If you have reason to report a bear sighting, try to notice the color as described above, including any colors of patches on the chest or of girth bands. Be ready to describe the size. A two year old is about 1/2 to 3/4 the size of a female, a yearling about 1/4 to 1/2 the size of a female and the cub of the year is about 1/4 the size of a female. Was there an ear tag, radio collar or paint to identify the bear?
black bears are more likely to stalk a human than grizzlies, although this is quite rare
both can climb trees
grizzly bears can run 40 miles per hour, black bears more likely run 30 miles per hour
In the Yosemite Daily Report it said: Bears can run as fast as 35 mph.
The average human athlete runs at around 15 mph,
and the fastest known human (Olympic gold medalist, Usain Bolt) runs at 27 mph.
both hibernate, but sometimes awake during winter and leave their dens (occasionally some black bears in Yosemite, for example, never do hibernate)
both have occasionally become too used to humans and/or human food and have had to be destroyed.
What do Grizzly bears sound like? Griz vocalizations description from Yellowstone Park “Grizzly bears sometimes vocalize when agitated or nervous.. . sounds of huffing, jaw-popping, and low growls are warnings that you’re too close.”
To watch a Grand Teton National park video comparing black bears and griz, go to
and click on Which Bear Did I See?
The NPS photo of a bear on it’s back shows why bear rear paw prints really do look a lot like footprints of a human:
And here, a human foot print and bear paw prints in soft mud for a size comparison:
Check out a close encounter with a bear in Yellowstone park, by people who admitted they left their bear spray in the car and will never do so again:
This NPS image of a man spraying bear spray shows the comparison in size of a man and a very large bear:
See links to bear spray videos as well as maps of where grizleys live in the western United States at:
your safety in grizzly bear country
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Raccoons (Procyon lotor) are rarely seen in Grand Teton National park.
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You are not likely to see a Porcupine, A NPS fast facts page said, about porcupines: “The average weight of an adult porcupine is 20-25 pounds. The average length of an adult porcupine is 2-3 feet long. The American Porcupine is the 2nd largest rodent in America (beavers are bigger.) Porcupines are heavy bodied, have short legs, and are very slow.”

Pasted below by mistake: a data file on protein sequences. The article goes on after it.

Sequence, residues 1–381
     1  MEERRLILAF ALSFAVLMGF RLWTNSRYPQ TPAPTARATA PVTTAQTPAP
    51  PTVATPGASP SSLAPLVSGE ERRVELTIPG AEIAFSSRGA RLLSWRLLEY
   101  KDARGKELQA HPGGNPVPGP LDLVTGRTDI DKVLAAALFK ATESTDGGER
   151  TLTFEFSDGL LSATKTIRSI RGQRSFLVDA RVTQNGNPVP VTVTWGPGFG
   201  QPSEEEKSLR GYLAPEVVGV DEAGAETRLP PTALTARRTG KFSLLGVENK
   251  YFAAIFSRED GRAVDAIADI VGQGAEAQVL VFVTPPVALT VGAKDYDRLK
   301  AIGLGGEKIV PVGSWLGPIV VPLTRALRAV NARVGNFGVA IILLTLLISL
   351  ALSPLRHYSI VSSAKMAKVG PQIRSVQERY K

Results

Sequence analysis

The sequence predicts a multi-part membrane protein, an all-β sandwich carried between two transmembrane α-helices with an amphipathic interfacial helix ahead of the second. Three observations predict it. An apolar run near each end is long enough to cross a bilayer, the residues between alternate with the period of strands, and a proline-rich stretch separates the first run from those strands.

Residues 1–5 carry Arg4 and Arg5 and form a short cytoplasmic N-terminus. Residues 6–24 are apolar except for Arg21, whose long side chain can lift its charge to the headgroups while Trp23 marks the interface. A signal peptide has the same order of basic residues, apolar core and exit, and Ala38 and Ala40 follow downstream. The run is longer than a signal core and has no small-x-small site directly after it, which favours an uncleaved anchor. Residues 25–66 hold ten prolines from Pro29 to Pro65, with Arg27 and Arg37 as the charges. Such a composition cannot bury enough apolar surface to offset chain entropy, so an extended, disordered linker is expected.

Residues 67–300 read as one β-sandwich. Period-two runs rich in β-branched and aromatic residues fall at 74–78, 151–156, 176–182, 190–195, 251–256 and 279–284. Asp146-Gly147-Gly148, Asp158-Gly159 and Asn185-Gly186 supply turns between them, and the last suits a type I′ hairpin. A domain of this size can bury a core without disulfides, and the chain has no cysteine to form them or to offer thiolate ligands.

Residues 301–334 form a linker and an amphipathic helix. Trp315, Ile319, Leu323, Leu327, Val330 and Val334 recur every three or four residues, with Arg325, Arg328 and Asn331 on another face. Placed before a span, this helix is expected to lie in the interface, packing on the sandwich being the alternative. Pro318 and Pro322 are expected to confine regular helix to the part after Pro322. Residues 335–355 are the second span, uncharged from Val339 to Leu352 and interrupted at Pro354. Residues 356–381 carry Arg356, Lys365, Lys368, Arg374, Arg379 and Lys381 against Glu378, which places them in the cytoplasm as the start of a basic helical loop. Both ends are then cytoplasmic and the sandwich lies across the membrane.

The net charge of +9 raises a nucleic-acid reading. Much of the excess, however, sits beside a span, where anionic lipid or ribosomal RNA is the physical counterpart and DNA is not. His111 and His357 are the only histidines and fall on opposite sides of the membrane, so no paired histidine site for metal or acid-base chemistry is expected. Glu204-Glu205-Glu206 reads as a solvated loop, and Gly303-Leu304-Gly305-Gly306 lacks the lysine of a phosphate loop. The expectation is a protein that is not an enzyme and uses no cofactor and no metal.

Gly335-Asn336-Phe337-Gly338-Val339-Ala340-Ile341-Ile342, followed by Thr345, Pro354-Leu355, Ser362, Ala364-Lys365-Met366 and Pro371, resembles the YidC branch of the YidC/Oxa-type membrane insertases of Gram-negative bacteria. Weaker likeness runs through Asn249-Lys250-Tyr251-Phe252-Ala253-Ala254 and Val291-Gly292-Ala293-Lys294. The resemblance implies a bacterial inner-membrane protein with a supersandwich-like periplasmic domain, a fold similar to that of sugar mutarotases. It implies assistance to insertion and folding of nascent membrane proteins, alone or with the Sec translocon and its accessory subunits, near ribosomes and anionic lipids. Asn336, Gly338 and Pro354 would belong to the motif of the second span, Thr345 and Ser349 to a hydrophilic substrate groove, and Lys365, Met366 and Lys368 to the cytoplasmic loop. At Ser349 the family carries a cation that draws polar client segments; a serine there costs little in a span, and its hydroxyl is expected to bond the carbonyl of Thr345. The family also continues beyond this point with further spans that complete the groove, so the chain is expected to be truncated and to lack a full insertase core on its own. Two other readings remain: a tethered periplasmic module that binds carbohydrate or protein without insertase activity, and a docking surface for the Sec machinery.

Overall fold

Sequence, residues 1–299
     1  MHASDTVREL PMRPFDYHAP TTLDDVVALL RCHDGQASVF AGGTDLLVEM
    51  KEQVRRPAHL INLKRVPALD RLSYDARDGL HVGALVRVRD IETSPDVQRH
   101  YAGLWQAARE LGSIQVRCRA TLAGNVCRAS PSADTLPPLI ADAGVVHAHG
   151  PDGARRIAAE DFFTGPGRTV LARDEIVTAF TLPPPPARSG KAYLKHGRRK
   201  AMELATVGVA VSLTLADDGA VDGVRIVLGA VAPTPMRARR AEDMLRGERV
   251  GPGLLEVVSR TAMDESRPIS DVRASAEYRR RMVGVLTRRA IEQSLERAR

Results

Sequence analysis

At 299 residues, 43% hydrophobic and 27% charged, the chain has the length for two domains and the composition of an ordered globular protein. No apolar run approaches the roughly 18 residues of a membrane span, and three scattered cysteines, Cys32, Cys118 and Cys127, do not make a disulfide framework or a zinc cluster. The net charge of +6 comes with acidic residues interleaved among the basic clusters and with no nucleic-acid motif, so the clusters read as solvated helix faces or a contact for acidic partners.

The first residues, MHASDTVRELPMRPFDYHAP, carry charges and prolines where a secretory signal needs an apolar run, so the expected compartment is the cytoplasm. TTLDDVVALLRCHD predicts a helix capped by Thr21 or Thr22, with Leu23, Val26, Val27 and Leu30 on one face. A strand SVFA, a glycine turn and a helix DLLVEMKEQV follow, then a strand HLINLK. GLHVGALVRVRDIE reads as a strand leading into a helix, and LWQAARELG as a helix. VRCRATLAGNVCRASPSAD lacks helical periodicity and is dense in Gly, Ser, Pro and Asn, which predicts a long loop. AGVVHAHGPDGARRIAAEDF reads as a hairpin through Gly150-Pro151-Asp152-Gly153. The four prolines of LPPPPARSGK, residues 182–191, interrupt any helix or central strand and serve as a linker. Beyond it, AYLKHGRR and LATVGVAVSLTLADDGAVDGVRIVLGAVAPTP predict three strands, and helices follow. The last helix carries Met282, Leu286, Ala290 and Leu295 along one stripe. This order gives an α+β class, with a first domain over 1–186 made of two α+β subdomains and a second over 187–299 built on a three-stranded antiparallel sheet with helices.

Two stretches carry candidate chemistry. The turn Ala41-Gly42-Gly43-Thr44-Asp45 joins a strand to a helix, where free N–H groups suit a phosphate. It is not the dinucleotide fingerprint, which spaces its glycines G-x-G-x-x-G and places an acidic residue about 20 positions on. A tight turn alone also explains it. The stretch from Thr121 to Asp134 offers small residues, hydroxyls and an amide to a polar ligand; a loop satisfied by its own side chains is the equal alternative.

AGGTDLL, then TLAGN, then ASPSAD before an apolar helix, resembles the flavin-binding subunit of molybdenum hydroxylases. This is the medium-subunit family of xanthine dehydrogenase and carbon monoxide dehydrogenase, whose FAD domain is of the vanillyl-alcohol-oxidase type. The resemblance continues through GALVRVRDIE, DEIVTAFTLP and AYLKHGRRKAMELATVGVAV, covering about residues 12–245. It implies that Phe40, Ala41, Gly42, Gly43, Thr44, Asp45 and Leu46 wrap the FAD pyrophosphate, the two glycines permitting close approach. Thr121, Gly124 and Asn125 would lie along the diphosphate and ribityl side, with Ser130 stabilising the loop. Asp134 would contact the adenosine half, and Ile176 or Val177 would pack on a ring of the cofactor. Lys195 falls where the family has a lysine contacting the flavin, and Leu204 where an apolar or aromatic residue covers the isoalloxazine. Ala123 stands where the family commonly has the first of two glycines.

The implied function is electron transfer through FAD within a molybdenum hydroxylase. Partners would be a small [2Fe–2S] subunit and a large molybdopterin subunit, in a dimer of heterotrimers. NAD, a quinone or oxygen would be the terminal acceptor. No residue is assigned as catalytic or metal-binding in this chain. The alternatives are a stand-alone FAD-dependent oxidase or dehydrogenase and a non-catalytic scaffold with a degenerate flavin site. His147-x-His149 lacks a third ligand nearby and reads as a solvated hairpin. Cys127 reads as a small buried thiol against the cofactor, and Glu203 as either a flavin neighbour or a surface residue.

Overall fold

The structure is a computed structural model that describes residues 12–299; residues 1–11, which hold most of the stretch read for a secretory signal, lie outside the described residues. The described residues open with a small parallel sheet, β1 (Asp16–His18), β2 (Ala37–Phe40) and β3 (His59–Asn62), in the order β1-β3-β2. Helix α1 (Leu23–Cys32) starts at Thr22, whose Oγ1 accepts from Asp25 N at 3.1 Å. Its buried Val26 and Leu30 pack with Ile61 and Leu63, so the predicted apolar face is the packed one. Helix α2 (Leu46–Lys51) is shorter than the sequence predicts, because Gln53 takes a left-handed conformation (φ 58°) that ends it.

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The difference between a tundra swan and a trumpeter swan (8′ wingspan) is that the tundra swan has a yellow spot near the eye and the trumpeter swan has a thin pink stripe at the base of their upper mandible.
The other huge white birds are pelicans with a huge yellow beak and throat pouch.
and here a photo showing the size difference between a pelican and a seagull:
NPS photos of adult and juvenile Bald Eagles:
The juvenile Bald Eagle above will not get white head feathers until it is about 4 years old.
Osprey also hunt along the water, often in the vicinity of Bald Eagles:
and see: Grand Teton National Park birds which includes Bald Eagle, Red-winged Blackbird, Canada Geese, Clark’s Nutcracker, Golden Eagle, Great Blue Heron, Great Gray Owl, Harlequin duck, Loon, Magpie, Merganser, Northern Flicker, Osprey, Ouzel, Pelican, Peregrine Falcon, Ptarmigan, Raven, Sandhill Cranes, Steller’s Jays, Trumpeter Swan, Western Meadowlark, Western Tanager
with links to calls from most of them to listen to.
A note about feathers, courtesy of David Allen Sibley in Sibley’s Birding Basics. Numbers of feathers vary from 940 on a hummingird to 1,500-2,600 on a sparrow to 25,000 on a tundra swan. Feathers “commonly account for 15 % of the bird’s total body weight – about twice as much as it’s skeleton.”
Grand Teton National Park rules say do not approach wildlife, stay 100 yards from bears or wolves and 25 yards from other wildlife including nesting birds. If you have an accidental, surprise or inadvertent closer encounter with wildlife you must remove yourself to those distances.
For your safety while wildlife viewing, stay 25 yards away, at least, for most wildlife, and 100 yards for bears, moose, elk, bison and wolves, whether on foot or in your car.
Keep the animal’s line of travel or escape route clear and move away if wildlife approaches you.
How far away is 100 yards? Picture the length of a football field without the end zones.
25 yards? picture four car lengths or six kayak lengths, or the width of an Olympic-sized pool like ours at the college.